# Introduction to Principal Component Analysis

Principal Component Analysis (PCA) is an unsupervised statistical technique used to examine the interrelations among a set of variables in order to identify the underlying structure of those variables. It is also known as a general factor analysis. Factor analysis determines several orthogonal lines of best fit to the data set. Orthogonal means “at right angles”, where the lines are perpendicular to each other in n-dimensional space. n-Dimensional space is the variable sample space which means that a data set with 4 variables will have a 4-dimensional sample space.

Components are a linear transformation that chooses a variable system for the data set such that the greatest variance of the data set comes to lie on the first axis, the second greatest variance on the second axis and so on. This process allows us to reduce the number of variables used in an analysis. As shown below, the normal line of best fit “explains” 70% of the variation whereas the orthogonal line “explains” 28% of the variation. 2% of the variation remains unexplained. Note that components are uncorrelated, since in the sample space they are orthogonal to each other. If we use this technique on a data set with a large number of variables, we can compress the amount of explained variation to just a few components. The most challenging part of PCA is interpreting the components.

# How to perform PCA – Python

PCA is just a transformation of your data and attempts to find out what features explain the most variance in your data. We will now walk through the cancer set with PCA.

# 1. Preparation

In [2]:
```import numpy as np
import pandas as pd
import matplotlib.pyplot as plt
import seaborn as sns
%matplotlib inline
```
In [3]:
```from sklearn.datasets import load_breast_cancer
```
In [4]:
```cancer = load_breast_cancer()
```
In [7]:
```cancer.keys() # keys instead of columns because cancer is a dictionary
```
Out[7]:
`dict_keys(['data', 'target', 'target_names', 'DESCR', 'feature_names'])`
In [9]:
```#print(cancer['DESCR'])
```
In [12]:
```df = pd.DataFrame(cancer['data'],columns=cancer['feature_names'])
```
Out[12]:
mean radius mean texture mean perimeter mean area mean smoothness mean compactness mean concavity mean concave points mean symmetry mean fractal dimension worst radius worst texture worst perimeter worst area worst smoothness worst compactness worst concavity worst concave points worst symmetry worst fractal dimension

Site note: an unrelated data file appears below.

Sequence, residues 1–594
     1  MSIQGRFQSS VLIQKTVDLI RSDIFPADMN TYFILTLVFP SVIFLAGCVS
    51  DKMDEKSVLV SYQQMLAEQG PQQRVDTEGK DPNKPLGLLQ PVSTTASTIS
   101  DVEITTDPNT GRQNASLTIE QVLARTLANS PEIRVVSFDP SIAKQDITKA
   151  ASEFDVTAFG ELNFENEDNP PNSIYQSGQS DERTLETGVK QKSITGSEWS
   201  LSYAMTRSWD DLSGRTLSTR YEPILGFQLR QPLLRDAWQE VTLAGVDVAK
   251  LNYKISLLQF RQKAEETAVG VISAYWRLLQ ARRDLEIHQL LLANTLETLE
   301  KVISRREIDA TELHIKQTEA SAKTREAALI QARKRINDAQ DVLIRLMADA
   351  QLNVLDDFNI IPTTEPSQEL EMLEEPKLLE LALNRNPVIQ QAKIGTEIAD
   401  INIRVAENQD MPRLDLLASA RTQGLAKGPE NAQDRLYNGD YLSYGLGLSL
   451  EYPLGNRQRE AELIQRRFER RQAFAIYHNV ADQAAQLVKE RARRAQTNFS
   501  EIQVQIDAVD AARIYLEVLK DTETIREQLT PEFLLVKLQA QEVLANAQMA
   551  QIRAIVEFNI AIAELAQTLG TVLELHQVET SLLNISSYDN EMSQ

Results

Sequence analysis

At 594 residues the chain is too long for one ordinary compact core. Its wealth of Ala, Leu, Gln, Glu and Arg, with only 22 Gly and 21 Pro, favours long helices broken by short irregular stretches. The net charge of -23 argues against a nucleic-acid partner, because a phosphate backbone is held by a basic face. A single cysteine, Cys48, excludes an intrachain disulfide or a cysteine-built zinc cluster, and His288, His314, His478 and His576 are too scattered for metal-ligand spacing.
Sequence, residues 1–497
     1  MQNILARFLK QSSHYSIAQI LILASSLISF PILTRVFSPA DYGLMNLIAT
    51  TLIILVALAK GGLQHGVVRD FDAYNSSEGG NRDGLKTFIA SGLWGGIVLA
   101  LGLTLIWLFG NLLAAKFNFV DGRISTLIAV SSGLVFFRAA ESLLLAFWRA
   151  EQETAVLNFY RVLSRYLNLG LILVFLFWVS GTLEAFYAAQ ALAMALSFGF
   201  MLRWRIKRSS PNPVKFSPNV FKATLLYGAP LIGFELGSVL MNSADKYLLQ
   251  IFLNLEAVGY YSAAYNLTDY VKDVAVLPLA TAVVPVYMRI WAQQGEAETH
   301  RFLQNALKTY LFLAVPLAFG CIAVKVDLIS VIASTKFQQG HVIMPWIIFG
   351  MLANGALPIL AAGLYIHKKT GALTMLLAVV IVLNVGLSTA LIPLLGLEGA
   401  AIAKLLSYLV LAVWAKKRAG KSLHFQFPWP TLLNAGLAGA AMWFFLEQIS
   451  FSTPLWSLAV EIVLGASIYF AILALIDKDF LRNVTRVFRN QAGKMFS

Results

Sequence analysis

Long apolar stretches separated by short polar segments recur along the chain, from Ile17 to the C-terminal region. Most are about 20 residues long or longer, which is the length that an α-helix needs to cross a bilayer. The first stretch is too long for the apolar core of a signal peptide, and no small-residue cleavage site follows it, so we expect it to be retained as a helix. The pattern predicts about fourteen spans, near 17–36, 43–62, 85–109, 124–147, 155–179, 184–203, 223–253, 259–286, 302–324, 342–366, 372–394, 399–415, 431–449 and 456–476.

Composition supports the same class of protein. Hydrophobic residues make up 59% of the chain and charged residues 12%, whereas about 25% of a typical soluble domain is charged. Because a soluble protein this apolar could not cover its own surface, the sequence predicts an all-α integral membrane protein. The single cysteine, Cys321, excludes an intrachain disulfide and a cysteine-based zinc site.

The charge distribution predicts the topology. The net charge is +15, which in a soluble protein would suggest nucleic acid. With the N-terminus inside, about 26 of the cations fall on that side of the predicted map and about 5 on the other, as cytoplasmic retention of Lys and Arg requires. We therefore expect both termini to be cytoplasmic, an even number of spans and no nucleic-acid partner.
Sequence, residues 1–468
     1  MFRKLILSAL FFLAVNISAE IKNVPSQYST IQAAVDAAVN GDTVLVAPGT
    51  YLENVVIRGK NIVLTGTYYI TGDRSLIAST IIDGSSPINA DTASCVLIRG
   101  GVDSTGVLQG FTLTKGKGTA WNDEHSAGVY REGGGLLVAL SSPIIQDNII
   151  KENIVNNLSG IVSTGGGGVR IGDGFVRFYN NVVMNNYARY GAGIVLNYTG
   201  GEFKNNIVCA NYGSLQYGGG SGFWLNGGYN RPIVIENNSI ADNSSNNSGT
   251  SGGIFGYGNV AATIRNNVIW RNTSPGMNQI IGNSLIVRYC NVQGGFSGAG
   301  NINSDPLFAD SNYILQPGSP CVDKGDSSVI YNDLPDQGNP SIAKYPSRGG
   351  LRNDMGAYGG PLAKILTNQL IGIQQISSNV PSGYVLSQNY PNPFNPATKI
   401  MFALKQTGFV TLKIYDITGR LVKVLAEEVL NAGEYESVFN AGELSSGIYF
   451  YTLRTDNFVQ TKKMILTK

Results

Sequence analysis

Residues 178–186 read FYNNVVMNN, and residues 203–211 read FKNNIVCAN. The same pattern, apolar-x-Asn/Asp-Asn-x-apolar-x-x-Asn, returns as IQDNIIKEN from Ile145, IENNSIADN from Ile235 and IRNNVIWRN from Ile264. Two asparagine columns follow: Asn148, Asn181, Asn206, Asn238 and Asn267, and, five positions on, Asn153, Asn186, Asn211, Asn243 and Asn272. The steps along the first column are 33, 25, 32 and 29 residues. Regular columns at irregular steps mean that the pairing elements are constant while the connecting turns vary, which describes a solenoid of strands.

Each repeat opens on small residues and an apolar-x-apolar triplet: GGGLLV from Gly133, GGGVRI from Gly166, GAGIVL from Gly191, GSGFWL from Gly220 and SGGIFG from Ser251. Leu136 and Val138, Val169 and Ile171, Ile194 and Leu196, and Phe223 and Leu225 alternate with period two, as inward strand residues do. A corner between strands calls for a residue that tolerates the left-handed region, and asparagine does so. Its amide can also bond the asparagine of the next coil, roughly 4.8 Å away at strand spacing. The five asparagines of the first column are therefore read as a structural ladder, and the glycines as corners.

0 17.99 10.38 122.80 1001.0 0.11840 0.27760 0.3001 0.14710 0.2419 0.07871 25.38 17.33 184.60 2019.0 0.1622 0.6656 0.7119 0.2654 0.4601 0.11890
1 20.57 17.77 132.90 1326.0 0.08474 0.07864 0.0869 0.07017 0.1812 0.05667 24.99 23.41 158.80 1956.0 0.1238 0.1866 0.2416 0.1860 0.2750 0.08902
2 19.69 21.25 130.00 1203.0 0.10960 0.15990 0.1974 0.12790 0.2069 0.05999 23.57 25.53 152.50 1709.0 0.1444 0.4245 0.4504 0.2430 0.3613 0.08758
3 11.42 20.38 77.58 386.1 0.14250 0.28390 0.2414 0.10520 0.2597 0.09744 14.91 26.50 98.87 567.7 0.2098 0.8663 0.6869 0.2575 0.6638 0.17300
4 20.29 14.34 135.10 1297.0 0.10030 0.13280 0.1980 0.10430 0.1809 0.05883 22.54 16.67 152.20 1575.0 0.1374 0.2050 0.4000 0.1625 0.2364 0.07678

5 rows × 30 columns

# 2. PCA Visualization

As we’ve noticed before it is difficult to visualize high dimensional data so we can use PCA to find the first two principal components, and visualize the data in this new, two-dimensional space, with a single scatter-plot. Before we do this though, we’ll need to scale our data so that each feature has a single unit variance.

### Standardising data

In [13]:
```from sklearn.preprocessing import StandardScaler
```
In [14]:
```scaler = StandardScaler()
```
In [15]:
```scaler.fit(df)
```
Out[15]:
`StandardScaler(copy=True, with_mean=True, with_std=True)`
In [16]:
```scaled_data = scaler.transform(df)
```

### Implementing PCA

In [17]:
```from sklearn.decomposition import PCA
```
In [18]:
```pca = PCA(n_components=2)
```
In [19]:
```pca.fit(scaled_data)
```
Out[19]:
```PCA(copy=True, iterated_power='auto', n_components=2, random_state=None,
svd_solver='auto', tol=0.0, whiten=False)```
In [20]:
```x_pca = pca.transform(scaled_data)
```
In [22]:
```scaled_data.shape
```
Out[22]:
`(569, 30)`
In [23]:
```x_pca.shape
```
Out[23]:
`(569, 2)`
In [27]:
```plt.figure(figsize=(8,6))
plt.scatter(x_pca[:,0],x_pca[:,1],c=cancer['target'],cmap='plasma')
plt.xlabel('First PCA')
plt.ylabel('Second PCA')
```
Out[27]:
`Text(0,0.5,'Second PCA')`

Clearly by using these two components we can easily separate these two classes.

### Interpreting the components

Unfortunately, with this great power of dimensionality reduction, comes the cost of being able to easily understand what these components represent.

The components correspond to combinations of the original features, the components themselves are stored as an attribute of the fitted PCA object:

In [28]:
```pca.components_
```
Out[28]:
```array([[ 0.21890244,  0.10372458,  0.22753729,  0.22099499,  0.14258969,
0.23928535,  0.25840048,  0.26085376,  0.13816696,  0.06436335,
0.20597878,  0.01742803,  0.21132592,  0.20286964,  0.01453145,
0.17039345,  0.15358979,  0.1834174 ,  0.04249842,  0.10256832,
0.22799663,  0.10446933,  0.23663968,  0.22487053,  0.12795256,
0.21009588,  0.22876753,  0.25088597,  0.12290456,  0.13178394],
[-0.23385713, -0.05970609, -0.21518136, -0.23107671,  0.18611302,
0.15189161,  0.06016536, -0.0347675 ,  0.19034877,  0.36657547,
-0.10555215,  0.08997968, -0.08945723, -0.15229263,  0.20443045,
0.2327159 ,  0.19720728,  0.13032156,  0.183848  ,  0.28009203,
-0.21986638, -0.0454673 , -0.19987843, -0.21935186,  0.17230435,
0.14359317,  0.09796411, -0.00825724,  0.14188335,  0.27533947]])```
In [31]:
```df_comp = pd.DataFrame(pca.components_,columns=cancer['feature_names'])
```
In [33]:
```plt.figure(figsize=(12,6))
sns.heatmap(df_comp,cmap='plasma')
```
Out[33]:
`<matplotlib.axes._subplots.AxesSubplot at 0x1a1dabe240>`